Most deaths reported from Punjab, followed by KP.
Heavy rain, choked drains leave many areas of Karachi in a mess,
At least 133 people have been killed and 215 injured in rain-related incidents since the start of monsoon on June 25 as torrential rains wreaked havoc across the country mainly in Punjab and Khyber Pakhtunkhwa (KP), according to a report issued by the National Disaster Management Authority (NDMA).
The new spell of monsoon will continue from July 31 to August 6.
The National Disaster Management Authority (NDMA) said that heavy rains might increase the flow of water in rivers, therefore, rains and flooding were likely to inundate low-lying areas.
On the other hand, Indian dams Pong and Thane are also completely filled due to which India may release water into the Ravi River.
The NDMA Monday issued instructions to the concerned institutions and said they should continue to monitor the release of water in rivers from Indian dams.
The Tarbela and Mangala have filled more than 70 per cent of their capacity.
On the other hand, the flow of water in river Sutlej at Ganda Singh is 60,138 cusecs while in river Ravi there is a low level flood at Headbaloki, the inflow of water at Head baloki is 67,845 while the outflow is 42445 cusecs.
According to a breakdown provided by the NDMA, 65 deaths occurred in Punjab, 35 in KP, 11 in Islamabad Capital Territory (ICT), 10 in Sindh, 6 in Balochistan, five in Azad Jammu and Kashmir (AJK) and one in Gilgit Baltistan (GB).
The majority of the deaths were mainly due to electrocution and building collapses, official data showed.
On Sunday, officials said the latest monsoon spell in Punjab and Khyber Pakhtunkhwa claimed around 15 lives across the different districts in Punjab and KP provinces within 48 hours.
In KP’s Mansehra and Chitral districts, five people were killed, and over a dozen were injured. On the other hand, houses and roads were washed away after rain-triggered devastation in the districts.
Officials in Lahore, Pakistan’s second-largest city, said it had received whopping 205mm rain in less than seven hours on Saturday, turning roads into rivers and leaving almost many areas without electricity and water this week.
The Pakistan Meteorological Department (PMD) has predicted more heavy rainfall in different parts of the country from July 25 to 30.
The Met Office said that monsoon currents are continuously penetrating the country from the Bay of Bengal and the Arabian Sea. A fresh westerly wave is also likely to enter upper parts of the country from 26th July, it added.
It said rain coupled with wind-thundershower (with few heavy falls) is expected in different districts of Punjab, Balochistan and Sindh including Quetta, Karachi, Hyderabad Multan and others on June 25 and 26.
Rains (with isolated heavy falls) is also expected in Kashmir, (Neelum valley, Muzaffarabad, Poonch, Hattian, Bagh, Haveli, Sudhanoti, Kotli, Bhimber, Mirpur), Gilgit Baltistan (Diamir, Astore, Ghizer, Skardu, Hunza, Gilgit, Ghanche, Shigar), Murree, Galliyat, Islamabad, Rawalpindi, Attock, Chakwal, Jhelum, Mandi Bahauddin, Sialkot, Narowal, Lahore, Sheikhupura, Hafizabad, Gujranwala, Gujrat, Kasur, Mianwali, Sargodha, Khusab, Faisalabad, Toba Tek Singh, Jhang, Sahiwal, Bahawalnagar, Okara, Chitral, Dir, Swat, Shangla, Buner, Mansehra, Kohistan, Abbottabad, Haripur, Peshawar, Mardan, Swabi, Nowshera, Kurram, Lakki Marwat, Kohat, Dera Ismail Khan, Bannu, Karak and Waziristan from 25th to 30th July with occasional gaps, it added.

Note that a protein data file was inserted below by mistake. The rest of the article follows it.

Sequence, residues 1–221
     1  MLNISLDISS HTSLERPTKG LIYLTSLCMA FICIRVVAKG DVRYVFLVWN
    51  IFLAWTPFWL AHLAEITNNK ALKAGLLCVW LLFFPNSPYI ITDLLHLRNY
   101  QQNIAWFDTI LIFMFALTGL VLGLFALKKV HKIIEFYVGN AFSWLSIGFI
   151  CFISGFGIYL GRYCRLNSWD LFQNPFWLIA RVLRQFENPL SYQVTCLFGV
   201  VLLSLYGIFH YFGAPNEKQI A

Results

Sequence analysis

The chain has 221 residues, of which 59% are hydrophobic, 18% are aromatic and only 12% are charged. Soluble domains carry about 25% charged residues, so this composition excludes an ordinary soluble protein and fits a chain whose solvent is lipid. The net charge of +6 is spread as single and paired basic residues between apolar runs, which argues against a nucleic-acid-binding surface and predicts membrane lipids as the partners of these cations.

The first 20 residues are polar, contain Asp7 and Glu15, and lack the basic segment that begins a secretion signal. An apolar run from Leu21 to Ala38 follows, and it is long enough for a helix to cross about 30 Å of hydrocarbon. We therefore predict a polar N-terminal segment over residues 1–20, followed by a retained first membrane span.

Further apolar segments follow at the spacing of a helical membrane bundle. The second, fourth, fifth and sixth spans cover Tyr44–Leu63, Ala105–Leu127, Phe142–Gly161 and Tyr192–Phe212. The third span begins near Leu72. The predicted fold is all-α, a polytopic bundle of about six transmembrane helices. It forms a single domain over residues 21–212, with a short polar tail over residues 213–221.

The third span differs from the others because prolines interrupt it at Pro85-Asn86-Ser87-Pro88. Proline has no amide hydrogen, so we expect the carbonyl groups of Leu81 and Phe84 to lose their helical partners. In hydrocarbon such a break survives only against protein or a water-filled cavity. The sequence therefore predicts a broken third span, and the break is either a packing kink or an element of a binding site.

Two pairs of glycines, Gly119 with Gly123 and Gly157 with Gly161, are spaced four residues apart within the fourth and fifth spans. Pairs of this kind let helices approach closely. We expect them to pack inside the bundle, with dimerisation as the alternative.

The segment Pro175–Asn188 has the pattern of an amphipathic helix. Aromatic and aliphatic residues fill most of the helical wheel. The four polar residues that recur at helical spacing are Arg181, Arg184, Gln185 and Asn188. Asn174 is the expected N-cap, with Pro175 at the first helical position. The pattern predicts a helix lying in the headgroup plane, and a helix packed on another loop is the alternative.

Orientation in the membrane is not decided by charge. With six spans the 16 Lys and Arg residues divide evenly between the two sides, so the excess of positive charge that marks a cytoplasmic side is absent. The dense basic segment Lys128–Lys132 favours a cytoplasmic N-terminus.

The NMDA has also warned of urban flooding in low-lying areas including in Islamabad, Faisalabad, and Lahore and “may trigger landslides in the vulnerable areas of Murree, Galliyat, Kashmir, GB and hilly areas of Khyber Pakhtunkhwa during the wet period”.
Scientists have said climate change is making seasonal rains heavier and more unpredictable.
Last summer, unprecedented monsoon rains put a third of Pakistan under water, damaging two million homes and killing more than 1,700 people.
According to officials, Pakistan has the world’s fifth-largest population and is responsible for less than 1% of global greenhouse gas emissions.
However, it is one of the most vulnerable nations to the extreme weather caused by global warming.
The rain was recorded in different included Baldia Town, Golimar, Gulistan-e-Jauhar, Gulshan-e-Iqbal, Defence, Kemari, Site area, Nazimabad, Saddar, Korangi, Soldier Bazaar, Drigh Road and Sujrani Town.
As soon as it rained, the electricity supply was also suspended in different areas.
Several roads of the city were inundated and motorists as well as pedestrians faced extreme difficulties in mobility.
The main road of Shadman town has become a lake, while the track from Sakhi Hassan to Nagan Chowrangi is nothing but water.
Hundreds of vehicles were busy trying to move slowly, and the city administration was nowhere to be seen to deal with the situation.
Several bikes broke down, and passengers are worried about the reduced number of public transport.
This is not the first time that Karachi has been hit by such flooding.
In 2020, the city was inundated with rain, causing widespread damage and displacement.